Elbrus Altitude - 5,642m/18,510ft - Duration 16 Days - Grade 2A
Mt. Elbrus's highest peak is the highest mountain in the Caucasus, in Russia, and in all of Europe. Mt. Elbrus (west summit) stands at 5,642 metres (18,510 ft); the east summit is slightly lower at 5,621 metres (18,442 ft).
The whole expedition will cost £100,000 so we plan to match this cost and raise £100,000 for Cancer Research.With charities it is not only the fundraising that is important! Raising awareness, heightening charity profile and commitment from corporate sponsors and individuals is another vital piece in the charity jigsaw puzzle. It is safe to say that everyone in their life will have been touched by cancer in some way, therefore support to Cancer Research is imperative. Firstly donating to Just Giving will make a difference but costs of the expedition are also required. We need sponsors to cover the cost of the expedition so most of our time can be spent fund-raising for the charity. A maximum of 2 sponsors will be required for each mountain as this will enable us to focus all our advertising and Media exposure to include both these sponsors. Sponsors will also be on our new website and all printed advertising regarding our Expedition. On top of this website addresses and logos will be sewn into garments worn on the climb, and most importantly your company logo and name will be captured with Steven at the summit of the mountain.. For more information on becoming a sponsor please contact email@example.com
The Soviet Union encouraged ascents of Elbrus, and in 1956 it was climbed en masse by 400 mountaineers to mark the 400th anniversary of the incorporation of Kabardino-Balkaria, the Autonomous Soviet Socialist Republic where Elbrus was located. From 1959 through 1976, a cable car system was built in stages that can take visitors as high as 3,800 metres (12,500 ft).There is a wide variety of routes up the mountain, but the normal route, which is free of crevasses, continues more or less straight up the slope from the end of the cable car system. During the summer, it is not uncommon for 100 people to be attempting the summit via this route each day. Winter ascents are rare, and are usually undertaken only by very experienced climbers.Elbrus is notorious for its brutal winter weather, and summit attempts are few and far between. The climb is not technically difficult, but it is physically arduous because of the elevations and the frequent strong winds. The average annual death toll on Elbrus is 15-30, primarily due to many unorganized and poorly equipped attempts to summit the mountain.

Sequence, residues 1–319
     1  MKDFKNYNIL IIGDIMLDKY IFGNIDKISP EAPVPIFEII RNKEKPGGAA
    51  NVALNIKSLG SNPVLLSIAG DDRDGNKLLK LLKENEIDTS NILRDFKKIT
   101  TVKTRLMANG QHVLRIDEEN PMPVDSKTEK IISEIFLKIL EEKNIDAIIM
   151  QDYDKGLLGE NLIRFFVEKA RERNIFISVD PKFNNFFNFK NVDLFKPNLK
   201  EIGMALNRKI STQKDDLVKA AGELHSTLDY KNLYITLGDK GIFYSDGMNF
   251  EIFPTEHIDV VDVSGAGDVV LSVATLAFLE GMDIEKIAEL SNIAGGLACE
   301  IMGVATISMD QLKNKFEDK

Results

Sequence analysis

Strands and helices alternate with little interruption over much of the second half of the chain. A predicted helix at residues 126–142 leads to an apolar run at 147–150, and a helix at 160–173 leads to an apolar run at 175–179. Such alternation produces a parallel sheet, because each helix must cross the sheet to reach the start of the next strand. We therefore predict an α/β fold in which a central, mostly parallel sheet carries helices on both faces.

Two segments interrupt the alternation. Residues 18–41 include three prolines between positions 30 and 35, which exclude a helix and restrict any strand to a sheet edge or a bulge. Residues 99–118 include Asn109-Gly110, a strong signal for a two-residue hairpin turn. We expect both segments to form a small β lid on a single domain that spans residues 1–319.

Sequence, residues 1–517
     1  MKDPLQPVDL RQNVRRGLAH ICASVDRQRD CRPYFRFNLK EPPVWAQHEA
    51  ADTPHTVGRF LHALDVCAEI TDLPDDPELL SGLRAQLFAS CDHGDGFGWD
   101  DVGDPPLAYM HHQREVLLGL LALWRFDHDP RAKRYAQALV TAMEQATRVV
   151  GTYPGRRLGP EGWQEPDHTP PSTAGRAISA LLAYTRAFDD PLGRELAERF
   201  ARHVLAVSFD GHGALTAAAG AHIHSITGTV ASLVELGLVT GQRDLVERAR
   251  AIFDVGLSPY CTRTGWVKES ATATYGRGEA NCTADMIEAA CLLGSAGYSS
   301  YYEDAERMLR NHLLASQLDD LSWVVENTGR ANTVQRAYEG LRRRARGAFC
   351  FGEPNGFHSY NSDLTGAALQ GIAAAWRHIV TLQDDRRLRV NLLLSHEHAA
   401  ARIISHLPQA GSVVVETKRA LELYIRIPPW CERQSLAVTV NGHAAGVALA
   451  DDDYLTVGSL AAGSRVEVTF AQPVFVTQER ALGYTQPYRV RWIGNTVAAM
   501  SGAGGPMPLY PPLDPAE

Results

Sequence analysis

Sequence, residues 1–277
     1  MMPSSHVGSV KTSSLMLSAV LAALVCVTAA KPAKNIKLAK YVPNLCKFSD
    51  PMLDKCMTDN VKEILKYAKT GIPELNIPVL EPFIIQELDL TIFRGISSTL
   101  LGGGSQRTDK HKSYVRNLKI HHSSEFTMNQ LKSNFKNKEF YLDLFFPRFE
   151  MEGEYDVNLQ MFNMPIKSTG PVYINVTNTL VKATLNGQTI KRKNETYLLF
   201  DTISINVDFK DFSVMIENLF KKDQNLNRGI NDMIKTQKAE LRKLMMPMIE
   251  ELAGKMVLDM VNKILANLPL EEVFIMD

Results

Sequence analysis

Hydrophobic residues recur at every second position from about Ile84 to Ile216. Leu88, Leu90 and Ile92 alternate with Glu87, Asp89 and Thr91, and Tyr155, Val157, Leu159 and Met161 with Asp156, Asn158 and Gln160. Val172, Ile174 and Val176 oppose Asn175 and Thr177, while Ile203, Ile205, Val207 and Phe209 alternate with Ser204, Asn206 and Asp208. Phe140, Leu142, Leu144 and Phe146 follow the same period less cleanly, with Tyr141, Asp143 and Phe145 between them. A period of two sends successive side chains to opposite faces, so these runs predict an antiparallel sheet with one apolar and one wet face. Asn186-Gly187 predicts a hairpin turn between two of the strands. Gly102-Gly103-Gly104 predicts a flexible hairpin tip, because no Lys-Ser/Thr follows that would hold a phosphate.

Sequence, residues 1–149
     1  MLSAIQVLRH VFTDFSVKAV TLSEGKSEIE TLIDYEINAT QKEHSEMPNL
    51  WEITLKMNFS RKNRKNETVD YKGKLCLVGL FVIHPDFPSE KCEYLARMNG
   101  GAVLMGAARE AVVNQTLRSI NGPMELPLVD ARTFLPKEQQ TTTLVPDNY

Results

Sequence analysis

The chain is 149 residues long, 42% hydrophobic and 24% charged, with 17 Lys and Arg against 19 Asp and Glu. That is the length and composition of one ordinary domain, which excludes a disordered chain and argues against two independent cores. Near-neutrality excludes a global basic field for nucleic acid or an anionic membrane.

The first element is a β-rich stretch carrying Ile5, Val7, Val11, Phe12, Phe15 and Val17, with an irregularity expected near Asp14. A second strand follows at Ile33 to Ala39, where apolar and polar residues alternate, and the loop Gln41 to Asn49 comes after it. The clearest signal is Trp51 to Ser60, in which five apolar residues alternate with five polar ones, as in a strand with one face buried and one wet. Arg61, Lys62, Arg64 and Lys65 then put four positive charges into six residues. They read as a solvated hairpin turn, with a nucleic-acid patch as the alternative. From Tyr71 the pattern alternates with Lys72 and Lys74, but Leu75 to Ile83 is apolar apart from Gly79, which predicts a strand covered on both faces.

The Normal Route is the easiest, safest and fastest on account of the cable car and chairlift system which operates from about 9am till 3pm. Starting for the summit at about 2am from the Diesel Hut should allow just enough time to get back down to the chairlift if movement is efficient. Note in bad weather the chairlift section may be closed, also note the chairlift ride is 15 minutes long and can be very cold.The majority of groups take the cable car system from Azau roadhead to Mir Station from where either a 1 hour walk or a chairlift takes them to Garabashi - "The Barrels". Above it may be possible to hire a snow cat to go to the Diesel Hut (site of the burnt Priut Hut) or higher to Pastukhova Rocks. Walking this takes 90 minutes to the hut and almost 2 hours more to the rocks.The walk to the Saddle takes another 3 to 4 hours and from there to the summit, a further 5 to 6 hours should be allowed for. There are no major difficulties on the route, however after strong winds icy sections may be exposed and a fall could result in a slide. Particular care should be taken on the traversing ascent from the Saddle.The Saddle hut is a ruin that offers no shelter. There are few crevasses of any size or danger if you stick to the route but only 50m off the route you could be in dangerous terrain.